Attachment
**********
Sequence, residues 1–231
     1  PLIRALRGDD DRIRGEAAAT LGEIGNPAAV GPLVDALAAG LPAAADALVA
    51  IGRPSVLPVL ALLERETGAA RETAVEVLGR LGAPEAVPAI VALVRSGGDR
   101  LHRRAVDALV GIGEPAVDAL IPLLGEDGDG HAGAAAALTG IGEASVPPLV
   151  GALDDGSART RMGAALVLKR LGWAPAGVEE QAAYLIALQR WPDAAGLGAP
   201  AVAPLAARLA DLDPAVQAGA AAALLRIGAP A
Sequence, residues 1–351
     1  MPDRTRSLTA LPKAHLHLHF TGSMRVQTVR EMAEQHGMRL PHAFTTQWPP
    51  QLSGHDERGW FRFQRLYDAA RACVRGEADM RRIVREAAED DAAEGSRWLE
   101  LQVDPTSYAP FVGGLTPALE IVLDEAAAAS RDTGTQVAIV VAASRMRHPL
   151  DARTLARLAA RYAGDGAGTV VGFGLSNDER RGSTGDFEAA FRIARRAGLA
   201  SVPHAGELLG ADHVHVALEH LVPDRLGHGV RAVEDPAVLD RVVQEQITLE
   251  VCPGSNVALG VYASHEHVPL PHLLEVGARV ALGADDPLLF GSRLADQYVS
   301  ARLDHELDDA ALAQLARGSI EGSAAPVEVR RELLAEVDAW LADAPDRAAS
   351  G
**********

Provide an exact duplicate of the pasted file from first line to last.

Sequence, residues 1–231
     1  PLIRALRGDD DRIRGEAAAT LGEIGNPAAV GPLVDALAAG LPAAADALVA
    51  IGRPSVLPVL ALLERETGAA RETAVEVLGR LGAPEAVPAI VALVRSGGDR
   101  LHRRAVDALV GIGEPAVDAL IPLLGEDGDG HAGAAAALTG IGEASVPPLV
   151  GALDDGSART RMGAALVLKR LGWAPAGVEE QAAYLIALQR WPDAAGLGAP
   201  AVAPLAARLA DLDPAVQAGA AAALLRIGAP A
Sequence, residues 1–351
     1  MPDRTRSLTA LPKAHLHLHF TGSMRVQTVR EMAEQHGMRL PHAFTTQWPP
    51  QLSGHDERGW FRFQRLYDAA RACVRGEADM RRIVREAAED DAAEGSRWLE
   101  LQVDPTSYAP FVGGLTPALE IVLDEAAAAS RDTGTQVAIV VAASRMRHPL
   151  DARTLARLAA RYAGDGAGTV VGFGLSNDER RGSTGDFEAA FRIARRAGLA
   201  SVPHAGELLG ADHVHVALEH LVPDRLGHGV RAVEDPAVLD RVVQEQITLE
   251  VCPGSNVALG VYASHEHVPL PHLLEVGARV ALGADDPLLF GSRLADQYVS
   301  ARLDHELDDA ALAQLARGSI EGSAAPVEVR RELLAEVDAW LADAPDRAAS
   351  G